Are Video Games Being Taken Too Seriously?


Video games have been with us for decades now, and they continue to evolve and become more complex with each passing generation. Video games are a living, breathing franchise for people all over the globe that are searching for entertainment. However, with video games becoming more complex and realistic with each passing year, it’s no surprise that they have become such an important part of people’s lives. With that being said, it’s no surprise that some people seem to take video games… a bit too seriously, to say the least. We’re not even talking about the stereotypical 20-something year-old gamer who lives in his mother’s basement and lets out a head-aching screech every time he gets no-scoped in Call of Duty – we’re talking about any average gaming addict just like myself and probably you! Admit it – we are all victim to taking video games way too seriously. Personally, I nearly get twitchy when my favorite video game franchise is criticized and nit-picked at for any flaw it has, and any dedicated gamer would probably get the same way! As a community of gamers, we all need to take a step back and think about what gaming really is all about and why we all take it way too seriously.

In November of 1972, Atari Inc. released something so extraordinary that it would revolutionize entertainment for ages to come: the (believed to be) first video game ever – Pong. It was a simple game that consisted of a ball that bounced between two paddles; and THAT’S IT. There was no compelling storyline, no action-packed gameplay, no levels, no saving, and definitely no revolutionary graphics. So… why did people like it? People enjoyed early video games because they were fun. The whole reason video games were created in the first place was so that people could have fun, and later it became so that people could have fun with each other when multiplayer was introduced.

Even some claimed modern hipsters argue that the original Super Mario Bros and the original Legend of Zelda are the best games to have ever been created, even in comparison to today’s modern games with ultra-realistic graphics and action-packed gameplay. Why, you ask? The reason is simply because these games were created in a time where people didn’t criticize the graphics, the storyline, or the amount of action the game consisted of – they cared solely about whether or not it was fun, and these games were genuinely fun.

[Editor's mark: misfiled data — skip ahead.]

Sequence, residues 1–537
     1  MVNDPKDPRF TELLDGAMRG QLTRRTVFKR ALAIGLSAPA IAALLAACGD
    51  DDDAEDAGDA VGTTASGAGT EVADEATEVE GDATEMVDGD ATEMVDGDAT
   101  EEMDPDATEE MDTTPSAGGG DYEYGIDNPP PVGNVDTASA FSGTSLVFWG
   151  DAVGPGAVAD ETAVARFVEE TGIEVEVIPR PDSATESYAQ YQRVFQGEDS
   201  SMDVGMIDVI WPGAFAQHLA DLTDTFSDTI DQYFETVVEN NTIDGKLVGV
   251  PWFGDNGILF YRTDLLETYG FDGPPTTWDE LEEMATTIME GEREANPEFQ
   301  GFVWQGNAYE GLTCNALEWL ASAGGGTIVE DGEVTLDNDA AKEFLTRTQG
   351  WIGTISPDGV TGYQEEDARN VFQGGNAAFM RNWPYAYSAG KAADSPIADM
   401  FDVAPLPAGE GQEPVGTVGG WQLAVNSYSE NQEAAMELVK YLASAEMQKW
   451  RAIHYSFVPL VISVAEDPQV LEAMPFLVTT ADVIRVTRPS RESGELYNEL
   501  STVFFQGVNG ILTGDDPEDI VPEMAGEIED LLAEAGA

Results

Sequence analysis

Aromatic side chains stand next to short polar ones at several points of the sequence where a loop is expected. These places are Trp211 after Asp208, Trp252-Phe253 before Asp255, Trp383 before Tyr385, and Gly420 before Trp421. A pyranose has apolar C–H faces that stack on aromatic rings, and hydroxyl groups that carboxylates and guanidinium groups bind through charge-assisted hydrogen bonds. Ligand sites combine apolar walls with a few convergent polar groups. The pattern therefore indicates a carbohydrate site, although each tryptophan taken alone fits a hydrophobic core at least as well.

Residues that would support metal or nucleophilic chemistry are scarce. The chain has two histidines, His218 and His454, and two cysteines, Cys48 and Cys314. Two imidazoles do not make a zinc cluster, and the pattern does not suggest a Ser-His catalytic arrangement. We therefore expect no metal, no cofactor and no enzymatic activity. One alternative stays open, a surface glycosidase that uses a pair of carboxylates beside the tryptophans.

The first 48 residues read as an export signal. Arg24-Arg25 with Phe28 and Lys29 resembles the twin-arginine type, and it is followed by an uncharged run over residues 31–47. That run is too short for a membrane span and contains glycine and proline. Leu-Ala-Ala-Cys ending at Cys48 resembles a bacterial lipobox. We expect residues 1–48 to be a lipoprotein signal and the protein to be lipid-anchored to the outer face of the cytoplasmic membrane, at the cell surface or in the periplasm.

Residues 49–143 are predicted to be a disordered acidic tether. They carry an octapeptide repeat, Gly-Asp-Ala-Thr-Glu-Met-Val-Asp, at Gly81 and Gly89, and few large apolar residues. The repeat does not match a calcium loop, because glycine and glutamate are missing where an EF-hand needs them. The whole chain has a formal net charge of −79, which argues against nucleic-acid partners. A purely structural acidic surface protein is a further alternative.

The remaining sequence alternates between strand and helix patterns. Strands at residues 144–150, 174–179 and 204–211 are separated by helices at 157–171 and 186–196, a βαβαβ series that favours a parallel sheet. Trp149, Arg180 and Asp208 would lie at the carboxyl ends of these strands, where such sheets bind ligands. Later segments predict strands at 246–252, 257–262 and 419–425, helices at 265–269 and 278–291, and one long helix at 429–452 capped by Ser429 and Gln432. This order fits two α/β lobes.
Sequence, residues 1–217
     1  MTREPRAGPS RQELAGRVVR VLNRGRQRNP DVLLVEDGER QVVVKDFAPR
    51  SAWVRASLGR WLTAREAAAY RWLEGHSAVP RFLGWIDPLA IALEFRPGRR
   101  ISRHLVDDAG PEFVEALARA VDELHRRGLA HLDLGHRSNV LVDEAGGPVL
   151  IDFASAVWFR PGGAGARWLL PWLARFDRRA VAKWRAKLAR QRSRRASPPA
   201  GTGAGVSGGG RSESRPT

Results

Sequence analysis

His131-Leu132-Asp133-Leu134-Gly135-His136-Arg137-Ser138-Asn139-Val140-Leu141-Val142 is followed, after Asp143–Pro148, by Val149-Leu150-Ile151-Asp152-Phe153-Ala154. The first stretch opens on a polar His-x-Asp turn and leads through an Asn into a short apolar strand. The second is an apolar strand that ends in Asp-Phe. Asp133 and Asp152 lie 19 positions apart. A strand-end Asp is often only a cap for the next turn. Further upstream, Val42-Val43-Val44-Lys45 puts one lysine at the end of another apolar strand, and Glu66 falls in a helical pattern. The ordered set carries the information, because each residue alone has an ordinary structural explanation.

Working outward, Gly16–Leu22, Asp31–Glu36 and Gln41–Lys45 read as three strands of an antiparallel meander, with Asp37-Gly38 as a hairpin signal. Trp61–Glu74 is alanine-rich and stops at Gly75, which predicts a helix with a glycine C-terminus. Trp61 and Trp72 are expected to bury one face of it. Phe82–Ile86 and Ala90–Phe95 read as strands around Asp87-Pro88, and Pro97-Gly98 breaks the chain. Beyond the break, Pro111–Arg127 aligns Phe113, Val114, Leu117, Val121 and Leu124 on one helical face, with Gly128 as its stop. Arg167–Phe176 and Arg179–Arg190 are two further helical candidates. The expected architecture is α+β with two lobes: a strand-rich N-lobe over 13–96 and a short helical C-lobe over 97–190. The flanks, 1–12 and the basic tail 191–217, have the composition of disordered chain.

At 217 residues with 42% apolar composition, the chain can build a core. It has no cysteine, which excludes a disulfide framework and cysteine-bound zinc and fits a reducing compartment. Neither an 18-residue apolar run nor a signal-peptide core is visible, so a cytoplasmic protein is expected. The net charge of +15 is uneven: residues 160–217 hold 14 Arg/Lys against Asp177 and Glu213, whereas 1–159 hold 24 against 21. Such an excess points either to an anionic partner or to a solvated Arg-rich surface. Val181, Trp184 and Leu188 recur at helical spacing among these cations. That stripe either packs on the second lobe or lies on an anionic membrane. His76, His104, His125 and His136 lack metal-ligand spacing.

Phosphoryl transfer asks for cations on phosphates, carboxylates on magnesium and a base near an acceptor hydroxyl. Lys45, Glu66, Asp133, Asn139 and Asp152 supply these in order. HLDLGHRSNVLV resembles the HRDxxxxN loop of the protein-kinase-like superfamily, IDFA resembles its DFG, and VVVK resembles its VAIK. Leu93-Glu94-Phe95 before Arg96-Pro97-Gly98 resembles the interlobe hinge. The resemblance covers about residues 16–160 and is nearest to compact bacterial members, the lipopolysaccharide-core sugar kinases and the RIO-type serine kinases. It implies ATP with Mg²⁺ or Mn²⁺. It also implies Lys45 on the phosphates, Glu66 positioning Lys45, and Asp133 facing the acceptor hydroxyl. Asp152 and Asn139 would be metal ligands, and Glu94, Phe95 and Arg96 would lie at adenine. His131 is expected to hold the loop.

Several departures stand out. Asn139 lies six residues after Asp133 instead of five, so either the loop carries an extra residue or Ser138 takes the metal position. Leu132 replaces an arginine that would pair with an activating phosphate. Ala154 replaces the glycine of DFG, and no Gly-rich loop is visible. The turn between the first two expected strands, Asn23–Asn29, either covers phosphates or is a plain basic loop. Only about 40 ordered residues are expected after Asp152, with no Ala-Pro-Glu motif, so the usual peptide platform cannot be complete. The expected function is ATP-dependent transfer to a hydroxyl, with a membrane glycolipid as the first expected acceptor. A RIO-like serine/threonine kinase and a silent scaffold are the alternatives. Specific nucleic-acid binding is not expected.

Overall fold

Now, let’s fast-forward to modern video games. Look at us! We should be in our prime with gaming. We’re even on the verge of achieving virtual reality, which most people didn’t even dream was a possibility back in the early days of gaming. Now that we have the internet and nationwide events like E3, people are criticizing video games for things like their graphics when they haven’t even played the game yet to see if it’s fun!

A whole other level of taking video games way too seriously are things like Game Theory on youtube. Don’t get me wrong – I love Game Theory with a passion. I love speculating on whether or not Link is dead in Majora’s Mask and thinking about how the Mario Timeline actually works. However, when you make such videos, you open up a world of argument. A couple of months ago, you could have looked up an old Five Nights at Freddy’s fan theory video on the timeline placement of each game and looked at all the arguments that happen just in the comments section.

People need to take a step back and look at what video games are underneath all of the romanticism – they are entertainment. Video games were made to be fun, not to be speculated on and definitely not to be argued over. It’s why we have messes of things like the official Zelda timeline – people couldn’t leave well enough alone that the games were made simply to be fun, and in response to popular demand the producers released a mess of an “official timeline,” and from that we got a bunch of theory videos on why the official timeline doesn’t make sense. It’s just an example of how the fan base for a franchise can mess everything up. Don’t get me wrong, it’s okay to get mad when you die in Call of Duty, and it’s okay to expect decent graphics for games; but every now and then just think about what video games really are and what their true purpose is. As gamers, we need to enjoy the games rather than argue over them.

Now that all of that is out of the way, go get some friends and go play some Mario Kart 64 and have fun. Many think that the producers and gaming companies are the future of gaming, but they are not – we are, and gaming companies expect us to be just as supportive of games as the companies themselves are. Gaming has a bright future ahead of it, but it will only be as bright as we allow it to be. We – the fans – are the concrete base of video games, and it is our duty to take things like theories and criticisms with a grain of salt, and just simply have fun and enjoy the games.

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